Old Town Tallinn is divided into two sections. The Upper Town, Toompea, contains a castle, the parliament building, the Orthodox cathedral, and palaces. The Lower Town, or All-Linn, is made up of churches, merchant and guild houses, defensive towers, and the town hall. Visitors should see both parts of the former fortified city when they visit Tallinn; the difference in architectural styles is clear, with the Lower Town exhibiting older-style buildings that represent the period of time when Tallinn was a member of the Hanseatic League.
Learn more about Tallinn's must-see sights.
ToompeaToompea, or Cathedral Hill, crowns Tallinn’s old town with a castle, churches, palaces, and government buildings. Many buildings here are newer than in the Lower Town due to a fire that consumed the medieval buildings and necessitated construction in a newer style.
Many tourists are taken with the impressive 19th-century Orthodox Alexander Nevsky Cathedral, which draws attention to itself with its many domes and architectural decorations. However, know that not all locals “own” the cathedral and many feel that it is a symbol of historic Russian domination.
Toompea Castle, with its elements from different historic periods, is also an important part of Toompea. Parts of the castle remain from the medieval period, including the Hermann Tower. Inside the castle is also the parliament building (which faces Alexander Nevsky Cathedral with its pink façade) and the government administration building.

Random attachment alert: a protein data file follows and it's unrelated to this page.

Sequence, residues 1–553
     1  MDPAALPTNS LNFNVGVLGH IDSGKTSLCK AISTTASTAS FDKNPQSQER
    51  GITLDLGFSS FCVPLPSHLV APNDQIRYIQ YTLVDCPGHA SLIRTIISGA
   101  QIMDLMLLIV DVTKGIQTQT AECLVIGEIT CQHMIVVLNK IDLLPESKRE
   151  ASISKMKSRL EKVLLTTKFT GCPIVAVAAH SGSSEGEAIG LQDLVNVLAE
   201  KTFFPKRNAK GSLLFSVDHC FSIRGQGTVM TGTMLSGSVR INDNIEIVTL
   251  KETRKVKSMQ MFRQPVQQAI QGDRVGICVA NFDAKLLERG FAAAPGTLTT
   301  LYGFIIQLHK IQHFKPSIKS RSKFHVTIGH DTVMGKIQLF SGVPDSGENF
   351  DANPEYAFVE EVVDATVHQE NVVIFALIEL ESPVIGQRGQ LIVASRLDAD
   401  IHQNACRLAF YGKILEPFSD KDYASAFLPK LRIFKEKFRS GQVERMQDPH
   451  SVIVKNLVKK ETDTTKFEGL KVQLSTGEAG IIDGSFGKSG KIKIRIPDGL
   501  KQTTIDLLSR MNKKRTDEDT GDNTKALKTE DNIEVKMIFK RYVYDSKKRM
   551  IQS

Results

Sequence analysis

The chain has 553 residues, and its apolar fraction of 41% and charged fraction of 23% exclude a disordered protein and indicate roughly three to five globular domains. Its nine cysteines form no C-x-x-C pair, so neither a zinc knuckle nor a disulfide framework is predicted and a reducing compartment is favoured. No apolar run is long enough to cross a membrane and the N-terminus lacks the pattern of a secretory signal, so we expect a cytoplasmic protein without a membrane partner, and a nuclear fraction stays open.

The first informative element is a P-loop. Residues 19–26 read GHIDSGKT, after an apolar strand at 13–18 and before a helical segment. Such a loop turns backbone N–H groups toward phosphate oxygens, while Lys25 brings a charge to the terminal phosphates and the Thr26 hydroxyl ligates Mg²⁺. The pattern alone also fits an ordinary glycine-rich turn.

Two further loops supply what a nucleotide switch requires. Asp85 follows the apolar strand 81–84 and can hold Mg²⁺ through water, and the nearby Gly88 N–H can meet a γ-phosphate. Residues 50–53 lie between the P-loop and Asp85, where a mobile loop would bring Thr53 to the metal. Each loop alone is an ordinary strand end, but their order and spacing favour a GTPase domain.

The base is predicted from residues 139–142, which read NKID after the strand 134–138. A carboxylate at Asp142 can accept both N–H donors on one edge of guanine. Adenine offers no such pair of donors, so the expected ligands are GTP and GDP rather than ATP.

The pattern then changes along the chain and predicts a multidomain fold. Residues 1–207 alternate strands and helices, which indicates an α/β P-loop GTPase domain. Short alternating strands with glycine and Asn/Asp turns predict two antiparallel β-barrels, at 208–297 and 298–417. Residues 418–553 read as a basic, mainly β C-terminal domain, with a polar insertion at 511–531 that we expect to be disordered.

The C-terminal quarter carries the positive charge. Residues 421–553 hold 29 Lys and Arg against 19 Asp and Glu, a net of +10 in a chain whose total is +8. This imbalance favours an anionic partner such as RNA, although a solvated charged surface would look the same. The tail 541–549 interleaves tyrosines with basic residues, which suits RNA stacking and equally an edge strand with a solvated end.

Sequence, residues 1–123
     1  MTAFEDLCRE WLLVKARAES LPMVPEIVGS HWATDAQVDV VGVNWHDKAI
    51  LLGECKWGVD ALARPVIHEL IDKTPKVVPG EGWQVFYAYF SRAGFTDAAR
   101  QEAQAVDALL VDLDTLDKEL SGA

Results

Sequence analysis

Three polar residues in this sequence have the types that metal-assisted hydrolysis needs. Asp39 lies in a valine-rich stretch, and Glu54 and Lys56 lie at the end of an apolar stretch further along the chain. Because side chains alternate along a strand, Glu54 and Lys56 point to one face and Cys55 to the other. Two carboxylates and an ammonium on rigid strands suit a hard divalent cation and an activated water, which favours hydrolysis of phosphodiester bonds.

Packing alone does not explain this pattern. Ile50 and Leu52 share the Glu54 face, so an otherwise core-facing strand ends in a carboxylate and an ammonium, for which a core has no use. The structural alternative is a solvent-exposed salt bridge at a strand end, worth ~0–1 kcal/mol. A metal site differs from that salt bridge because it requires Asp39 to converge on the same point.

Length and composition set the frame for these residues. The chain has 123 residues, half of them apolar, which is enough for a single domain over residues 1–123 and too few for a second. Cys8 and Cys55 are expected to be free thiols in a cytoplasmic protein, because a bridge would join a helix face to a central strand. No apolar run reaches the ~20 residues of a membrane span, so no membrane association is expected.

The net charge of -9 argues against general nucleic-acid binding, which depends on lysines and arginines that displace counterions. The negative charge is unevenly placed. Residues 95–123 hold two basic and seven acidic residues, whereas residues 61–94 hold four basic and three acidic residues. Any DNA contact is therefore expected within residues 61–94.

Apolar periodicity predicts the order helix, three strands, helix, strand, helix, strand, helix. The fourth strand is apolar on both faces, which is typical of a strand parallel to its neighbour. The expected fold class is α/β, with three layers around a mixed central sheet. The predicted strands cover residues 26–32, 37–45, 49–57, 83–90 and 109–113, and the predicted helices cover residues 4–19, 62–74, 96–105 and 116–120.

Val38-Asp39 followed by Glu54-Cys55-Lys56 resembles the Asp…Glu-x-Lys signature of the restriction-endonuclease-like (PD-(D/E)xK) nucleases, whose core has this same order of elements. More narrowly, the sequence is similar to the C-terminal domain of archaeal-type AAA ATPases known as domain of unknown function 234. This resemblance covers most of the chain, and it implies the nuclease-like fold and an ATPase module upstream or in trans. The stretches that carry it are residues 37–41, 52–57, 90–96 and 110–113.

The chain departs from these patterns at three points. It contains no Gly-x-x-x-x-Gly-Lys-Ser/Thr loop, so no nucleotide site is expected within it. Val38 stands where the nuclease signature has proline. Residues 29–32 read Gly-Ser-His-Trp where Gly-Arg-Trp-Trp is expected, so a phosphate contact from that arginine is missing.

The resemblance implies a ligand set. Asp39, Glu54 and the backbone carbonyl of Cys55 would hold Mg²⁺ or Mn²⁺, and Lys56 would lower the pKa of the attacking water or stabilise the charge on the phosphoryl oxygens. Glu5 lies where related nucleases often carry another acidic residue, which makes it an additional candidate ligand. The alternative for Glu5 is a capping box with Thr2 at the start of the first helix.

St. Mary’s Cathedral, or the Dome Church, for which Toompea is named, is the oldest surviving building in Toompea and the oldest Lutheran church in Estonia.
Viewing platforms in Toompea offer much-photographed views of the Lower Town and the sea. It is said that in the right atmospheric conditions, Finland can be seen from across the water, but locals will attest that this belief may be exaggerated.
All-LinnThe Lower Town of Tallinn contains buildings older than those in Upper Town, including gates, walls, and towers from medieval times that served to defend the inhabitants of the city. The Lower Town is the site of the Tallinn Christmas market from late November to early January.
Town Hall Square is the heart of the Lower Town. Besides the Town Hall, the square is home to Gothic buildings that house restaurants, shops, and pubs.
The Kiek in de Kök, or Powder Tower, is a site of legend and history. The name literally means, “Peek into the kitchen” because it is said that guards manning the tower could look down the chimneys into the kitchens of the houses in the Old Town. Its four-meter-thick walls are embedded with cannonballs as a reminder of Ivan the Terrible’s failed attempts to fell it.
St. Olaf’s Church is an impressive structure even today, but at the time it was built, was the tallest building in Europe. A legend about its builder makes the church even more compelling: a mysterious stranger promised to build the church for free if the town’s denizens could guess his name before the church was completed; if they failed, they would pay him a large sum of money for his work. Unfortunately for the man, a town spy overheard his wife calming their baby with a promise of their father Olaf’s return. When it was revealed that the townspeople knew Olaf’s name, just as Olaf was putting the finishing touches on the church steeple, he immediately fell to his death.
Exploring Tallinn’s Old Town thoroughly takes more than a couple of days. However, even a short trip whet’s most traveler’s appetites for a lengthier return visit!